ATP, Jersey Channel Islands, 1998

ATP, Jersey Channel Islands, 1998


On 9 May 1998, a British Regional Airlines ATP was being pushed back for departure at Jersey in daylight whilst the engines were being started when an excessive engine power setting applied by the flight crew led to the failure of the towbar connection and then to one of the aircraft's carbon fibre propellers striking the tug. A non standard emergency evacuation followed. All aircraft occupants and ground crew were uninjured.

Event Details
Event Type
Flight Conditions
On Ground - Normal Visibility
Flight Details
Type of Flight
Public Transport (Passenger)
Flight Origin
Take-off Commenced
Flight Airborne
Flight Completed
Phase of Flight
Location - Airport
Flight Crew / Ground Crew Co-operation, Inappropriate crew response - skills deficiency, Ineffective Monitoring, Manual Handling, Procedural non compliance
Aircraft / Vehicle conflict, Aircraft Push Back
Emergency Evacuation
Damage or injury
Aircraft damage
Non-aircraft damage
Non-occupant Casualties
Off Airport Landing
Causal Factor Group(s)
Aircraft Operation
Safety Recommendation(s)
Airport Management
Investigation Type


On 9 May 1998, a BAe ATP being operated by British Regional Airlines on a domestic scheduled passenger flight from Jersey was being pushed back off the gate on departure in normal daylight visibility. The second engine had just stabilised after start and the aircraft had been aligned with the taxiway centreline when the aircraft began to push the tug, the tow bar failed and the aircraft rolled forward and the right hand propeller struck the tug cab. About 90 seconds after the impact, the flight crew noticed a small amount of what was identified as smoke in the flight deck and an emergency evacuation was ordered using the integral air stairs at Door 1L and the emergency slide at Door 2L.


An Investigation was carried out by the UK AAIB. It was noted that a three man pushback crew had been used and that only the safety of the tug driver had been in question as the aircraft right hand six-bladed propeller struck the tug cab. The tug driver reported that he had felt the front of the tug lift, which caused him to lose the ability to steer it and the aircraft then seemed to push forward, the tug jack-knifed and the aircraft moved towards the tug and the right propeller. The driver did not remember how he escaped from the vehicle and, although physically uninjured, later stated that he was suffering from post-traumatic stress.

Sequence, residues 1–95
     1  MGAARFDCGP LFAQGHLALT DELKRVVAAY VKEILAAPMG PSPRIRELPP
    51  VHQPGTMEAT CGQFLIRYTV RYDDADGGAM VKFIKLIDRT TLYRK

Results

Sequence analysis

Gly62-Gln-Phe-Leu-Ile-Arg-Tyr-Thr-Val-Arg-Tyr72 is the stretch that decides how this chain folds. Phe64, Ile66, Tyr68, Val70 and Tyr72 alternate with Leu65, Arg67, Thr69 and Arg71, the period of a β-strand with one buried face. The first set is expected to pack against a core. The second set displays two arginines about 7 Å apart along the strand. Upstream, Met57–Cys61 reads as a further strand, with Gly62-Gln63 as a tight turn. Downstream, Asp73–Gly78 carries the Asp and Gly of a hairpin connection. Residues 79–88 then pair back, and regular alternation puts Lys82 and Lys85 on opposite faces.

Flight Data Recorder (FDR) data indicated that the No 2 engine had stabilised at 15% torque after start and remained at that level until the impact with the tug. The No 1 engine stabilised at 10% after start and remained at that level until it was shutdown after the impact. Normally the torque is set at 7 to 8% after start by positioning the engine power levers to the marked ‘Minimum Torque’ position and checking that it has been achieved.. The three previous engines starts earlier in the day by this crew were all found to have been accompanied by excessive torque settings, in contrast with the flights by the aircraft the previous day with a different crew where all post-start torques corresponded to the required minimum torque position. Several witnesses to the pushback had commented that engine noise seemed much higher than usual.

The investigation established that post-event physical evidence “confirmed eye witness reports that jack-knifing had occurred, with the aircraft rotating the tug to the right until the tow bar lay along the front bumper, at right angles to the tug. The tow bar eye end was therefore overstressed in bending rather than tension or compression. In this condition the shear pin was not loaded. The leverage produced by this configuration caused the tow bar weld to fail after a small number of high stress cycles, leaving the aircraft free to accelerate past the tug, striking it with the No 2 engine and propeller.”


The Investigation concluded that “The balance of evidence indicates that the engines were at a higher torque than normal and that this was the initiating event in the accident. The reason why the crew had set, and more importantly not noticed, the higher than normal torque after all four starts that day could not been satisfactorily explained.”

Safety Action

It was noted that 9 days after the Accident, the Aircraft Operator had introduced a change to SOPs involving the immediate cessation of all engime starting during pushback on the aircraft type involved. Flight crews had also been formally reminded that they should check that indicated engine torque was at minimum after each engine start and that full attention should be given to the ground crew leader thoughout a push back whilst also maintaining full awareness of activity around the aircraft.

The Final Report of the Investigation was published on 4 March 1999 and may be seen in full at SKYbrary bookshelf: AAIB Bulletin No: 3/99 Ref: EW/C98/5/3 Category: 1.1

One Safety Recommendation was made in the Report:

“It is recommended that Jersey Authorities require the ground handling organisations at Jersey International Airport to review the characteristics of their aircraft towing tugs to ensure that there is a sufficient safety factor available when used for push back operations with the aircraft attached to the front towing pintle.” (99-8)

Further Reading

SKYbrary Partners:

Safety knowledge contributed by: